The direction in which the stock market may head is not as clear as it was at the end of March as some things are working in favour of stocks going up and also against them; however, the positives continue to outweigh the negatives, said Fidelity’s Global Asset Allocation Division director of global macro, Jurrien Timmer, who remains constructive on stocks and other risk assets in general.
So far, the deadly virus has infected more than 18 million people in over 210 countries and killed nearly 700 thousand, wherein the United States is the worst hit. Despite that, stocks continue to act as if we have already beaten the COVID-19, the infectious disease caused by the most recently discovered coronavirus.
The S&P 500 index has gained 50% since hitting a three-year low on March 23 of 2191.86, largely spurred by the Federal Reserve’s massive stimulus and COVID-19 vaccine optimism. However, the year is already halfway through and now it rests with the stock market to prove that it was right about a sharp V-shaped rebound in economic growth.
Since nearly all the country’s economic activity has been suspended since late March amid rising concerns about the spread of the coronavirus disease, federal governments and central banks around the world has spent trillions of dollars trying to help restart the economy and provide some relief to the financial markets.
That stimulus has given the initial impetus to stock as liquidity increased in the debt markets and volatility subdued in several markets. However, the long-term impact of these massive stimuli on the economy and the financial markets is unknown. The S&P 500 ended 1% higher at 3271.12 on Friday, just 122.4 points below its all-time high of 3,393.52 registered on February 19.
The COVID-19 related collapse in earnings will be reversed slowly as the economy re-opens and the recovery matures into expansion in 2021, causing a full recovery in the market to the February highs by the end of this year. The S&P 500 stock index to hit 3,400 By the end of this year and 3,600 next year; earnings to also rebound in 2021, according to Mizuho Securities.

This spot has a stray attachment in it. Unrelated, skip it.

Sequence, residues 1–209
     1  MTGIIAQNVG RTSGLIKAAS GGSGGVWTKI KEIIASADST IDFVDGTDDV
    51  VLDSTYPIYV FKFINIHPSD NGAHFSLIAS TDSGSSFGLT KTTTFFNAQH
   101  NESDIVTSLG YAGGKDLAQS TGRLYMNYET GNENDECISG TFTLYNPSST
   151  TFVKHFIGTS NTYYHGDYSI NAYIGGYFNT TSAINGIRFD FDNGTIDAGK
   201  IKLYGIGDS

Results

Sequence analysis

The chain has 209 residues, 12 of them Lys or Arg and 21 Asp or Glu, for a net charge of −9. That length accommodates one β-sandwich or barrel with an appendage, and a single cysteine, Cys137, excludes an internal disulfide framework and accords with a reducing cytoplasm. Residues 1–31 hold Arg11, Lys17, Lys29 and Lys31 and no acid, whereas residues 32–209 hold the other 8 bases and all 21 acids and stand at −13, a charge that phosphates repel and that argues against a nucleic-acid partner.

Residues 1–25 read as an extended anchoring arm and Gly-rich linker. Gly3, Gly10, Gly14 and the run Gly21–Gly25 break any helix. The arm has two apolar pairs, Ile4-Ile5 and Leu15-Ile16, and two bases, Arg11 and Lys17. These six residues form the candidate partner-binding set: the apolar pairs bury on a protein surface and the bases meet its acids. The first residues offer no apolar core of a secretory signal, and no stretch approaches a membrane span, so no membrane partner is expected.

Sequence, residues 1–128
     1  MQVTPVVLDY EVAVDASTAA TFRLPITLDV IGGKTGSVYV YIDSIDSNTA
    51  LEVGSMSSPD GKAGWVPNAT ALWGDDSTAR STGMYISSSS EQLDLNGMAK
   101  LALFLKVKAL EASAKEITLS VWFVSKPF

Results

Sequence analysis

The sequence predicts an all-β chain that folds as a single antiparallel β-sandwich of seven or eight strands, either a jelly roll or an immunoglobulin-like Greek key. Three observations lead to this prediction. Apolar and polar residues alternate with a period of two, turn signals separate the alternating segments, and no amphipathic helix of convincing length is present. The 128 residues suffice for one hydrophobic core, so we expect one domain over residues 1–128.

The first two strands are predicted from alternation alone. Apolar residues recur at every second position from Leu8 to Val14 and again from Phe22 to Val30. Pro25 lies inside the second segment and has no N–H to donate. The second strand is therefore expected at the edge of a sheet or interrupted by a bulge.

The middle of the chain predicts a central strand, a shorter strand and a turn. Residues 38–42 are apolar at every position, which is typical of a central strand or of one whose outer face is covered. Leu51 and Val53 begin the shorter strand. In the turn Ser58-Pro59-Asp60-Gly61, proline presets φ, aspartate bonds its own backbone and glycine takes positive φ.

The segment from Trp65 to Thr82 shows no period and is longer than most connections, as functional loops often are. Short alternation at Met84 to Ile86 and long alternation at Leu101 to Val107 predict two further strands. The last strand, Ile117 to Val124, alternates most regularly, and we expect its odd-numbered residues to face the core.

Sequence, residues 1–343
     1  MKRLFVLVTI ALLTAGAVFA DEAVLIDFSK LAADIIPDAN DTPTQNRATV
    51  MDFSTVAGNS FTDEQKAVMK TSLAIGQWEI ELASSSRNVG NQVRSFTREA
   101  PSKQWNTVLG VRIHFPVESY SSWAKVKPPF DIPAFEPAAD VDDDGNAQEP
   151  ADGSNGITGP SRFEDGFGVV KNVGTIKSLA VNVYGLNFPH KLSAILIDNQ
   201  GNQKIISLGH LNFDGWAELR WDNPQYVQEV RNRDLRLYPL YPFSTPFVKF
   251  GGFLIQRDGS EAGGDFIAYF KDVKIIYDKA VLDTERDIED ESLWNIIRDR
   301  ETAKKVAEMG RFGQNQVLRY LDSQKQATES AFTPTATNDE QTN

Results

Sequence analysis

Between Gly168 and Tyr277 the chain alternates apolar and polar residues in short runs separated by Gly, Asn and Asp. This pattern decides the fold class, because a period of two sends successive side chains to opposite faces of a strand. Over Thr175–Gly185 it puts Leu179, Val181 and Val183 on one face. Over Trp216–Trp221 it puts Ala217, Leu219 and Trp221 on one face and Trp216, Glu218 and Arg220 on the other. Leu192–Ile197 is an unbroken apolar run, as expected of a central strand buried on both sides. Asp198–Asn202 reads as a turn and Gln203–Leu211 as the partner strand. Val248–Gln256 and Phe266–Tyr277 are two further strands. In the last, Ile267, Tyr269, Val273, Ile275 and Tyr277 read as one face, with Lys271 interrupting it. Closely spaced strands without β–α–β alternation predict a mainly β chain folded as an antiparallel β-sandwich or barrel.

Empirically, big price gains, combined with a large retracement after a fall amid strength in market broadness – a trend that can be seen in the S&P 500 today, has always led to a start of a bull market.
“If there ever was a pivotal moment for making a call on which direction the next 10% or 25% move will be for the S&P 500, now is it, I believe. A few months ago, it seemed to me, it was a relatively simple call, at least based on the study of market history. The stock market typically rallies after the type of historic selling climax experienced in late March, and this time has not been any different so far. But after a 46% rally (which never produced a retest) I think it’s much more of a toss-up now,” said Fidelity’s Global Asset Allocation Division director of global macro, Jurrien Timmer.
On the positives, Fidelity’s Timmer said:
“On the plus side, the economy has bottomed and is recovering, with earnings growth following along. Earnings season is looking good so far, with 85% of companies beating estimates by an average of 15 percentage points. It’s still early days for earnings season with 181 companies reporting, and the differences between estimates and reported earnings are unusually large given how little guidance there has been on the earnings front. The policy response has been another plus, of course. The Fed is keeping its foot on the monetary gas pedal, and more fiscal relief may be on the way as well, as transfer payments threaten to dry up. The promise that the Fed and Treasury (and their global counterparts) can build a bridge across the COVID-19 abyss and on to the other side of this pandemic has been an important factor behind the market’s powerful rally,” Fidelity’s Timmer said.
“The tape (momentum and breadth) has been another plus for the US market. The sentiment picture is another positive. Finally, on the plus side, there appear to be a number of potential positive developments underway in terms of COVID-19 treatments and vaccines. This prospect, along with the Fed, have put a floor under the market, including the more economically sensitive ‘reopen’ sectors,” he added.
On the negatives, Fidelity’s Timmer said
“COVID-19 continues to burn its way through sections of the U.S. and the world, and this is causing some states to delay or reverse their reopening plans. As a result, some of the high-frequency economic indicators are suggesting that the economy is starting to stall out following the initially strong V-shaped recovery. The longer the recovery gets dragged out, the greater the risk that this V could turn into a U or L, and that the liquidity crisis that the Fed was able to mitigate will turn into a solvency crisis not unlike 2008,” Fidelity’s Timmer said.
“The risk is not that the economy will not recover, just that it won’t recover back to its full potential. If the economy recovers, but only to say 70% of what it was pre-COVID, then it will be a long slog back to normal. Right now, the stock market seems to be priced for something quicker. On top of this we have a pivotal election in a few months, bringing with it various potential policy outcomes, which could eventually affect corporate taxes and U.S.-China relations,” he added.
“A well-diversified portfolio of both growth stocks and deep value stocks (especially emerging market and non-US developed), gold and Treasury Inflation-Protected Securities (TIPS), and long-duration bonds. A portfolio similar to this, in my view, is pretty close to an all-weather portfolio,” he concluded.